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Appendix C.1 Department of State Overarching Goal in Russia and Elsewhere: Work with governments and other stakeholders to build sustainable capacity for biosecurity, biosafety, disease surveillance, and cooperative scientific research. 1. Recent History of Department’s Interests in Biosecurity Activities in Russia • Support of Nunn-Lugar Initiative: 1991 • Biological Arms Control Activities: 1992 (continuation of earlier activities) • Policy/Program Direction of International Science and Technology Center (ISTC): 1994 • Biotechnology Engagement Program: 1999 • BioIndustry Initiative: 2002 • Bioengagement Program: 2006 to present 2. Results of Emergency Appropriation of $30 million for BioIndustry Initiative Focused on Collaboration with Russia • Conversion of Sibbiopharm facility in Berdsk to commercial produc- tion of animal feed premixes, biopesticides, and enzymes for alcohol production. • Provision of U.S. government collateral guarantees for repayment of Russian bank loans to small Russian biotech enterprises. • Expanded U.S. interactions with components of the Biopreparat com- plex through the new organization TEMPO. • Support for commercialization-oriented activities at a number of Rus- sian research institutes, including the upgrading to GLP and GMP standards. 141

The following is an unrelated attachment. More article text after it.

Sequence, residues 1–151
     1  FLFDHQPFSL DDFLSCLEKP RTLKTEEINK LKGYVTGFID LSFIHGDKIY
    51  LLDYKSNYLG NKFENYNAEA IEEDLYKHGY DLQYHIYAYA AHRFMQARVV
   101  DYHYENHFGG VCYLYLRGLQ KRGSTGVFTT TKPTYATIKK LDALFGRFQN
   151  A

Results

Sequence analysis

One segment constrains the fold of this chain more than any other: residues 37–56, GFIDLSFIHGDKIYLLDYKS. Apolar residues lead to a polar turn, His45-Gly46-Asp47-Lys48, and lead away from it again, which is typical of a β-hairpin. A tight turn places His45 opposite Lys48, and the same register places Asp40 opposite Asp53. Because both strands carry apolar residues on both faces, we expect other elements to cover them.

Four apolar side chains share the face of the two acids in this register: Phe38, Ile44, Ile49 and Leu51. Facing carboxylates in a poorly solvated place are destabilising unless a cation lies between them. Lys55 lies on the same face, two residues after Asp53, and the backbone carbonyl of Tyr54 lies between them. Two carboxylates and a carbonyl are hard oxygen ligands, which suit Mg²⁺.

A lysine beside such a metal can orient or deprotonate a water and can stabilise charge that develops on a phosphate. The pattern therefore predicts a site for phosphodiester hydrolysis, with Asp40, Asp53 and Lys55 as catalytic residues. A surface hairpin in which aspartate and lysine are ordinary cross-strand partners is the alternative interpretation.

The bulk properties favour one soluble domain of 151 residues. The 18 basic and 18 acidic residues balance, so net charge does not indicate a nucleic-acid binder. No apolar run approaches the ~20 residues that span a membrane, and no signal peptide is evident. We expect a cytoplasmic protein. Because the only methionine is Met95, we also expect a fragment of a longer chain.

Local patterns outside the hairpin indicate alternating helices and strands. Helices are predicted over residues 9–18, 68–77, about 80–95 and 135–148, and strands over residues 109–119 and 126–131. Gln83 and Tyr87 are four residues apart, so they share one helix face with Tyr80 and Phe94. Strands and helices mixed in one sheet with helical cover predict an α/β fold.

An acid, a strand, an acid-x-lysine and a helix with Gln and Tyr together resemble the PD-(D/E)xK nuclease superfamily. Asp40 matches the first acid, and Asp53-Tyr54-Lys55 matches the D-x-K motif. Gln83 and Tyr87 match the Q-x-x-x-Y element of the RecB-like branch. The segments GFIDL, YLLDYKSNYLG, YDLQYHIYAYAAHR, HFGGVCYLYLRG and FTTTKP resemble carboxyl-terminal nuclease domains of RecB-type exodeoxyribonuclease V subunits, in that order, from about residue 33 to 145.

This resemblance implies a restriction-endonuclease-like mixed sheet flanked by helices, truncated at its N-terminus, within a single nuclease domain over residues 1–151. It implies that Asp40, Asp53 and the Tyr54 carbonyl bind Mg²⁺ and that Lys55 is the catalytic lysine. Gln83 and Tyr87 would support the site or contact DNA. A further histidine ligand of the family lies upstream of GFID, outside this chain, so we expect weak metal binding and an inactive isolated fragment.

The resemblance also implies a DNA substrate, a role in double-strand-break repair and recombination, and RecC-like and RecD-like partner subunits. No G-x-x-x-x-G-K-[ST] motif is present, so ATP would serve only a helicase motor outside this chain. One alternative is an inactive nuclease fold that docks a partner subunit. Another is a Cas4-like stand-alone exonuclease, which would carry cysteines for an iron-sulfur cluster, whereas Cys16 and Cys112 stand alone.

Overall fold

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142 APPENDIX C.1 • Support for influenza surveillance in Siberia. 3. Current Russia-related Activities of Special Interest • Implications of planned withdrawal of Russia from ISTC: 2015 • Transfer of Russian components of ongoing bioengagement programs to Russian ownership, including responsibility for funding. • Facilitation of connections of Russian scientists with international community. • Encouragement of Russian support for broad international adoption of international biosecurity standards and guidelines. • Development of long-term bioengagement strategy. 4. Lessons Learned from Bioengagement Activities with Russia and Other Countries • Developing deep and broad relationships is critical. • Partner government endorsement of engagement activities is essential. • Communication strategies should focus on importance of public health capacity-building. • Some states may be skeptical of U.S. objectives in promoting engage- ment activities. 5. Future for U.S.-Russia Partnership • Identify new mechanisms for partnerships following Russia’s with- drawal from the ISTC. • Continue to jointly develop biological safety standards and programs in countries and regions of mutual interest. • Support U.S. partnerships with Russian institutes for carrying out on a highly selective basis collaborative research and development activities. • Collaborate to develop an open and transparent culture of responsibil- ity among dual-use scientists. • Strengthen detection and control of infectious diseases through collaboration. SOURCE: Information provided by Department of State, October 2011 and July 2012.